Update:  The Skippy Filter website that was maintained for many years is no longer available. Nevertheless, this filter has remained quite popular and you may still use some of the widely available components to build your own filter.  I decided to leave the Skippy in the article as it might provide some inspiration for the reader.

Perhaps the most popular DIY pond filter online is called the Skippy filter and this uses a stock tank for the filter body rather than a box or barrel. Stock tanks also provide some circulatory motion of the water much like barrels and they will also have water enter at the bottom of the tank and this will rise up through the filter media, which is made up of numerous brillo like pads that not only filter the water but they also provide a home to the bacteria as well.

skippy filterOnce filtered, the clean water will exit near the top of the tank. In this way, the Skippy filter can serve somewhat like a waterfall filter and it can be hidden behind rocks or plants.

Comparing the various designs you’ll find many similarities. Really the main difference for the Skippy is that it uses no pre-filters or pads, just the loose scratch pads, to filter the water.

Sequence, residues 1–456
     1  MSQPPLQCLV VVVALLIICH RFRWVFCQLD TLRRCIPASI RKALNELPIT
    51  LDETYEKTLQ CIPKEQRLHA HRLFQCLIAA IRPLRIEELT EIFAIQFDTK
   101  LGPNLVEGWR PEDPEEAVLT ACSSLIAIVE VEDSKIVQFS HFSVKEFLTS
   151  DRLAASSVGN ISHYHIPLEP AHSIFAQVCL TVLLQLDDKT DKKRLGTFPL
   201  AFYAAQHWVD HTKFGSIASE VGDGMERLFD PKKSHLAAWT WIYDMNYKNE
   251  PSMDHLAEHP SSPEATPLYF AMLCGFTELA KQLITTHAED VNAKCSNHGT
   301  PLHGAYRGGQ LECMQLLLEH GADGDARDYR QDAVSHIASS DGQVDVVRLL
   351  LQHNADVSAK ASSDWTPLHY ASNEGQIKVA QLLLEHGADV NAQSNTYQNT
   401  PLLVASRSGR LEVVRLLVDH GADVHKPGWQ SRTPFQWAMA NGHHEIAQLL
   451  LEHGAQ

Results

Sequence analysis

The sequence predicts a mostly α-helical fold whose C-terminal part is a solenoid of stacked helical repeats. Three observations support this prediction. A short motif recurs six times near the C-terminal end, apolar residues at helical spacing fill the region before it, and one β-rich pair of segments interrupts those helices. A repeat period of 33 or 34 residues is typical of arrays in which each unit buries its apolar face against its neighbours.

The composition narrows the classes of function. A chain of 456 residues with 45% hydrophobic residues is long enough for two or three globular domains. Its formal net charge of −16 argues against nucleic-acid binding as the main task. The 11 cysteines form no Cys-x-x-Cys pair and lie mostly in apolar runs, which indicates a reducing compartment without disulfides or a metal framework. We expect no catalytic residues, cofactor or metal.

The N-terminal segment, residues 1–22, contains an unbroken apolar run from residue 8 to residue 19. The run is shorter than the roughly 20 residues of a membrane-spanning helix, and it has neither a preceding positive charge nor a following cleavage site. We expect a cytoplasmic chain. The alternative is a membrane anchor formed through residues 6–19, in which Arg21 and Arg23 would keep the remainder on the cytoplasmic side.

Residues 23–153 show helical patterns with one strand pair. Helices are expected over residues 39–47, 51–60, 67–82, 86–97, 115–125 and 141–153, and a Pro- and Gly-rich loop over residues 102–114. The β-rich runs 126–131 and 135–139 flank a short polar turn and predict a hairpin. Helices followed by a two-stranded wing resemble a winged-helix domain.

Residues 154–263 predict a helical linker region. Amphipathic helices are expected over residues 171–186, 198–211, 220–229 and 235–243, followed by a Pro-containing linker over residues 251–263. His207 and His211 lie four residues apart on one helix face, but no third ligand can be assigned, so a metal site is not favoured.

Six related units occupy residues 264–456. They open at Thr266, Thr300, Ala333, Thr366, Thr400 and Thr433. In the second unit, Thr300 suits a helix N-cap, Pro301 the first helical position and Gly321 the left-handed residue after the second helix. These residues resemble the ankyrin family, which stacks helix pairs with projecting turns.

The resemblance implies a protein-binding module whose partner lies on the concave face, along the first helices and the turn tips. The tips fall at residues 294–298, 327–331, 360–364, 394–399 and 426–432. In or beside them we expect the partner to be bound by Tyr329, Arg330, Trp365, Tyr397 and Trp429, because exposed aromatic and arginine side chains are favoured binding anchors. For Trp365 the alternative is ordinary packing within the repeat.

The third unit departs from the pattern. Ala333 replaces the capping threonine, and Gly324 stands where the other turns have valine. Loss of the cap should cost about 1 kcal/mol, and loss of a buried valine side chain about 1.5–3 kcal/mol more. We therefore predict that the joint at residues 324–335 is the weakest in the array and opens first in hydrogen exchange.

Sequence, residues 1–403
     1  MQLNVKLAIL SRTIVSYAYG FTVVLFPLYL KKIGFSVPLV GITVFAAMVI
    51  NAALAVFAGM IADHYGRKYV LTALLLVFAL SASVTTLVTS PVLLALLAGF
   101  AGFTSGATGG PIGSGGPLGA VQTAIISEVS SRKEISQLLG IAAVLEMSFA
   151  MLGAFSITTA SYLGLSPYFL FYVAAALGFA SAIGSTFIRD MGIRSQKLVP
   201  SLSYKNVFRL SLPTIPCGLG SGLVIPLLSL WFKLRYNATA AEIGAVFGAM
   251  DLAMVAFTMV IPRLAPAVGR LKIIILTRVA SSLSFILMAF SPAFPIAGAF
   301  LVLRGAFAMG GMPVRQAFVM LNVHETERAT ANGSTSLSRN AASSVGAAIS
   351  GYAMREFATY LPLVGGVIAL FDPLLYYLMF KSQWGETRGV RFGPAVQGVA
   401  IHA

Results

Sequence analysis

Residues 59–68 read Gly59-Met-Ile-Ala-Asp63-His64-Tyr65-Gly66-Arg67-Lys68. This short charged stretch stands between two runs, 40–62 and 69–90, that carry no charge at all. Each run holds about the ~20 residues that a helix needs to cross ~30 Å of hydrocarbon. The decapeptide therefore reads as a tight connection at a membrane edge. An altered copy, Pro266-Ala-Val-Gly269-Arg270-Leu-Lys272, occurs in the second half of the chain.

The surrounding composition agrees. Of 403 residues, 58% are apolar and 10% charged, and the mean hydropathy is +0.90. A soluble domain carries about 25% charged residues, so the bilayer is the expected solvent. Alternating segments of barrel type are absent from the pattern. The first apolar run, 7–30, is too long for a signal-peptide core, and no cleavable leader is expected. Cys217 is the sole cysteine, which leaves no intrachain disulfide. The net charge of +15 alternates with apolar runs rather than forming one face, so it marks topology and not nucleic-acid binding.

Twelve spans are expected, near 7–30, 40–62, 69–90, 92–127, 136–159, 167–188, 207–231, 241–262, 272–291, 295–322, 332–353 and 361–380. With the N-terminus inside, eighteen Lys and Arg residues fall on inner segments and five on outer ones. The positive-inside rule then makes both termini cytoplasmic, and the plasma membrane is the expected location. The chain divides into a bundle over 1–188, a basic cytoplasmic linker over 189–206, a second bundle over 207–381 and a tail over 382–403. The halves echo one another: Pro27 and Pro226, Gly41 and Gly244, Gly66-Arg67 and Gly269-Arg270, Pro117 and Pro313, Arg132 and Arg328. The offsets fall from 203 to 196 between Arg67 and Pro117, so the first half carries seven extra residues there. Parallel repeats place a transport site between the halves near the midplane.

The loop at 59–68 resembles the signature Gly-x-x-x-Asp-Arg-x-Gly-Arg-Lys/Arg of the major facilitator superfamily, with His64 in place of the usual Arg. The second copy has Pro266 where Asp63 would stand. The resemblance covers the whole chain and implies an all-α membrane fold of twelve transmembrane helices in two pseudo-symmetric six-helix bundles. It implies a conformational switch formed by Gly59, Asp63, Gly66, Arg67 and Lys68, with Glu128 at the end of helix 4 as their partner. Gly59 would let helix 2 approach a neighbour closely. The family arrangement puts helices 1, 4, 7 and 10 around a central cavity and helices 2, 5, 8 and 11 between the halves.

One key point that you’ll read about concerning these bio-filters is that they generally don’t require too much cleaning, in fact as the Skippy information will note, you may not want to clean them at all. It’s important to note that both of these designs and really any bio-filter will need to be primed with beneficial bacteria and this is easy to do. Simply add your favorite blend to the pond water and it will circulate into the filter. This may need to be done from time to time to keep bacteria counts up, and it certainly should be done at every spring start-up or following a period of downtime where water flow is not going through the filter.

What About The Filter Media?

Up to now, we’ve talked a lot about what these DIY pond filters look like…but in truth, the real workhorse in this operation is the filter media.  That material, be it foam pads, plastic balls, or tubes, no matter the make, its purpose is to provide a sustainable home to beneficial microbes.